Bohemian Rhapsody ★★

This review may contain spoilers. I can handle the truth.

This review may contain spoilers.

"I don't have time to be their cautionary tale."

Freddie says this to his bandmates when he reveals his diagnosis with HIV. Ironic, really, given that scene takes place entirely because this film turned him into just that.

In this film, Feddie's contraction of HIV and eventual death is framed as a tragic inevitability, of which he and his manipulator are to blame. It's his punishment, for his ego, for pushing his band members away. Pushing them away, that is, by embracing his sexuality.

Sexuality that is "awakened" within the narrative by Paul Prenter, Freddie's personal manager. The film turns him into a one-note villain, there only to take advantage of Freddie. It is through Paul that he's introduced to the gay community, who is only ever depicted as a hedonistic den of vipers, interested only in Freddie's fame and body.

His true family, per the film, are his heterosexual bandmates and Mary Austin, who is reduced to Freddie's savior from gayness. Freddie loving men openly is what brings out the worst in him, and only when he rejects men and the community is he redeemed. But not before he is punished. To craft this narrative, they had move his diagnosis up by several years. Their intention is clear in this inaccuracy.

The film tries to rectify this by throwing in Jim Hutton towards the end, but it reduces him and Freddie's life together to nothing but a footnote. Hutton does not matter in this film, never mind the fact that he cared for Freddie in his final days, that they shared their life together for years, that Freddie died wearing a wedding band Hutton had gave him. None of that matters in this narrative.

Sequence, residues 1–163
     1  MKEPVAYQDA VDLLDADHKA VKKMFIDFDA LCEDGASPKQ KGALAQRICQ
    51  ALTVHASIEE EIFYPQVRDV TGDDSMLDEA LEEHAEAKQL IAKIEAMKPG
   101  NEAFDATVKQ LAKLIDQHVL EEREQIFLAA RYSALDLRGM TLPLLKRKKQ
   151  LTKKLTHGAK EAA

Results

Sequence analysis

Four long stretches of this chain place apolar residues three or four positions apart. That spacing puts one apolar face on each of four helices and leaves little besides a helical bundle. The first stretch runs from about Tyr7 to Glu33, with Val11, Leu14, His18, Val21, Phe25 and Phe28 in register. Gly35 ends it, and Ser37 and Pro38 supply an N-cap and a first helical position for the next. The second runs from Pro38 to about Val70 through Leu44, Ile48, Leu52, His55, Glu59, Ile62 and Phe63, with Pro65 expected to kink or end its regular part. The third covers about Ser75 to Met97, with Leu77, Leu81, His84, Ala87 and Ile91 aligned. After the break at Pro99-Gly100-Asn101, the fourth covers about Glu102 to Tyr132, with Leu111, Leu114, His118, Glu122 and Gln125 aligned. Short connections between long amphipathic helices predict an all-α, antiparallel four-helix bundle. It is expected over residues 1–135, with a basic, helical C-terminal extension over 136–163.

The film has no interest in interrogating who Freddie was as a person. Instead, we get shots of adoring heterosexual crowds, cheering his name, readily devouring him. The same kind of people who, in their personal lives, would spit at men like Freddie. There is no acknowledgement that what people worshiped, his artistry and his attitude, his sense of style; all that was and remains tied to his sexuality. Freddie Mercury would not have been Freddie Mercury if he didn't love men.

Never is loving men portrayed anything but a character quirk, a little deviancy that should be ignored, and that tragically brought his downfall. But Freddie Mercury's death was not inevitable. He died entirely because of homophobia. Every single person who died of AIDS and HIV died because it was convenient for the systems in place to ignore them. Until this is understood, and reckoned with, Freddie's story will never be rightfully told.

Instead, we got this. A film that loves Freddie, but only the parts of him that are presentable. If I wanted that condescension, I'd have had dinner with my grandparents.